cile this with the details of the campaigns as given by Appian and Plutarch. Appius Claudius, who had been sent by Lucullus to Tigranes, to demand the surrender of Mithridates, had returned with an unfavourable answer: intelligence had been also received that the two kings, laying aside all personal differ. ences, were assembling large forces and preparing for immediate hostilities; and Lucullus now determined to anticipate them by invading the dominions of Tigranes. It was in the spring of B. C. 69, that he set out on his march towards Armenia, with a select body of 12,000 foot and 3000 horse, leaving his lieutenant Sornatius to command in Pontus (where every thing seemed now perfectly settled) during his absence. Ariobarzanes furnished him assistance on his march through Cappadocia, and the passage of the Euphrates was facilitated by an accidental drought, which was hailed as a good omen both by the general and his soldiers. From thence lie advanced through the district of Sophene, a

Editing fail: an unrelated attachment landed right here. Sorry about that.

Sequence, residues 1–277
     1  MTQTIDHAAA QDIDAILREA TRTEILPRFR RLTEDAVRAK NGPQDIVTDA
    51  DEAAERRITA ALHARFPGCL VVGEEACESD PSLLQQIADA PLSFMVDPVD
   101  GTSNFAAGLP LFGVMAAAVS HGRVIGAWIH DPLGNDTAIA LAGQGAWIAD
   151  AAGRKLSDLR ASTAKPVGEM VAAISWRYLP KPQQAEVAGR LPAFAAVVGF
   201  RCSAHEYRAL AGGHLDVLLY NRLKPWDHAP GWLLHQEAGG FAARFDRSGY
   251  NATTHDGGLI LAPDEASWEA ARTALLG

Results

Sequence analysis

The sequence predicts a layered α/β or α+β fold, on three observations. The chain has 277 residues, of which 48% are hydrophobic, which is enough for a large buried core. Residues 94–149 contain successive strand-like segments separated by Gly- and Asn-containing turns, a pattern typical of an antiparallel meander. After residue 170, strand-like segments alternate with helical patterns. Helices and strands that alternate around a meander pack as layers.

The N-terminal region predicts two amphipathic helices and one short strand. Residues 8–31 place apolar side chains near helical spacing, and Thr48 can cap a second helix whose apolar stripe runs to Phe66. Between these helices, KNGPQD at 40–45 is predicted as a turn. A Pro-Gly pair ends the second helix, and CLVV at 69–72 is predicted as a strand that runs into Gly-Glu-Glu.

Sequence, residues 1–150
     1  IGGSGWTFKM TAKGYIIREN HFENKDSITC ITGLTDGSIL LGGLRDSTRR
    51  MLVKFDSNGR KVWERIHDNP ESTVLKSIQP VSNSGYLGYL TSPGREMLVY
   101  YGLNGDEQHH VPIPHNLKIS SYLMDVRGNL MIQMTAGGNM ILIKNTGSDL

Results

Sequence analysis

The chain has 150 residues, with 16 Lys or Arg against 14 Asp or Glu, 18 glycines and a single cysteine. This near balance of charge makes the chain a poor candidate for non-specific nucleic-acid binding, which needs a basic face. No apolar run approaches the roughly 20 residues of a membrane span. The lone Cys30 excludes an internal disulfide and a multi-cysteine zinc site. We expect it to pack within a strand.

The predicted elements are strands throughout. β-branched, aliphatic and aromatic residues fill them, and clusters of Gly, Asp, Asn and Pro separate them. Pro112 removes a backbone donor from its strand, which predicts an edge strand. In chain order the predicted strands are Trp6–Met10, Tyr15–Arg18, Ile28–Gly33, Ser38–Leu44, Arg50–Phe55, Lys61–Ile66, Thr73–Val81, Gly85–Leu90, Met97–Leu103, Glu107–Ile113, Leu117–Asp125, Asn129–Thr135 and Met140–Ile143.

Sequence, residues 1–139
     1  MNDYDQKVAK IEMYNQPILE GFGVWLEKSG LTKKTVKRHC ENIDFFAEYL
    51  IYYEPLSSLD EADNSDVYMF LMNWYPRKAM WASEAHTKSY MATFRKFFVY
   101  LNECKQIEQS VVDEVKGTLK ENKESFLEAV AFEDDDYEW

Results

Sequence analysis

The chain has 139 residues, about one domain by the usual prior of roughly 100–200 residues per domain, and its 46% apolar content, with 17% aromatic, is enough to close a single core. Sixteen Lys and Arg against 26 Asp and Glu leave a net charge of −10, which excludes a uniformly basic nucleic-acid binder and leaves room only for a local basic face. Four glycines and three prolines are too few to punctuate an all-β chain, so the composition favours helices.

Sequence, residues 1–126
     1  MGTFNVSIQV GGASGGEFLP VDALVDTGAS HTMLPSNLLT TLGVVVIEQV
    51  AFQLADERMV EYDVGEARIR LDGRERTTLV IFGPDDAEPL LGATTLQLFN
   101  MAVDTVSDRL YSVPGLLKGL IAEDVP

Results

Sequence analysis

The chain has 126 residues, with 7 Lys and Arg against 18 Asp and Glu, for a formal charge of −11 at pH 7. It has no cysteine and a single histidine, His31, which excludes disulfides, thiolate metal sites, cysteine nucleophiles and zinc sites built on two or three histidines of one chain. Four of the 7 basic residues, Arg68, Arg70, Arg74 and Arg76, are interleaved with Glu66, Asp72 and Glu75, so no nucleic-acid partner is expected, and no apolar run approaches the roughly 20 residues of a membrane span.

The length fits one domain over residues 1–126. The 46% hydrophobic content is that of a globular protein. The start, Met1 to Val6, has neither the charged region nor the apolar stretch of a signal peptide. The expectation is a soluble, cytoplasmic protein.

scenes of violence and even bloodshed, at length terminated in the acquittal of Servilius, the part which the young Lucullus had taken in the matter appears to have added greatly to his credit and reputation. (Plut. Luc. 1; Cic. Acad. pr. 2.1.) While yet quite a young man, he served with distinction in the Marsic or Social War; and at this time attracted the attention of Sulla, whom he afterwards accompanied as his quaestor into Greece and Asia on the breaking out of the Mithridatic war, B. C. 88. During the prolonged siege of Athens, Sulla found himself labouring under the greatest disadvantage from the want of a fleet, and of he in consequence despatched Lucullus in the middle of winter (B. C. 87-86), with a squadron of only six ships, to endeavour to collect assistance from the allies of Rome. With considerable difficulty he raised a fleet, and expelled the forces of the king from Chios and Colophon. These operations extended far on into the summer of 85 : meanwhile, Fimbria, who